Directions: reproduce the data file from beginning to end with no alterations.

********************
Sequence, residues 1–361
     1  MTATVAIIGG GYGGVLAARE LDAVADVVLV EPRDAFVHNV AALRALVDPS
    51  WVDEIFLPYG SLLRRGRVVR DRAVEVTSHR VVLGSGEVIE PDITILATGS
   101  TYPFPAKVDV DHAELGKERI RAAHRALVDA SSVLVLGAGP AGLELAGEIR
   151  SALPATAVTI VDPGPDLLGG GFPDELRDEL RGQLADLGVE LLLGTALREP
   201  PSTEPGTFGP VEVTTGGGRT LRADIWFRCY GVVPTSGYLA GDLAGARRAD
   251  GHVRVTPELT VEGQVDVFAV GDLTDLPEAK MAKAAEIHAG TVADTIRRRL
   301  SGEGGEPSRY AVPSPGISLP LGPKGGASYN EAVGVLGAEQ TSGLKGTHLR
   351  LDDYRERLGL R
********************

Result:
Sequence, residues 1–361
     1  MTATVAIIGG GYGGVLAARE LDAVADVVLV EPRDAFVHNV AALRALVDPS
    51  WVDEIFLPYG SLLRRGRVVR DRAVEVTSHR VVLGSGEVIE PDITILATGS
   101  TYPFPAKVDV DHAELGKERI RAAHRALVDA SSVLVLGAGP AGLELAGEIR
   151  SALPATAVTI VDPGPDLLGG GFPDELRDEL RGQLADLGVE LLLGTALREP
   201  PSTEPGTFGP VEVTTGGGRT LRADIWFRCY GVVPTSGYLA GDLAGARRAD
   251  GHVRVTPELT VEGQVDVFAV GDLTDLPEAK MAKAAEIHAG TVADTIRRRL
   301  SGEGGEPSRY AVPSPGISLP LGPKGGASYN EAVGVLGAEQ TSGLKGTHLR
   351  LDDYRERLGL R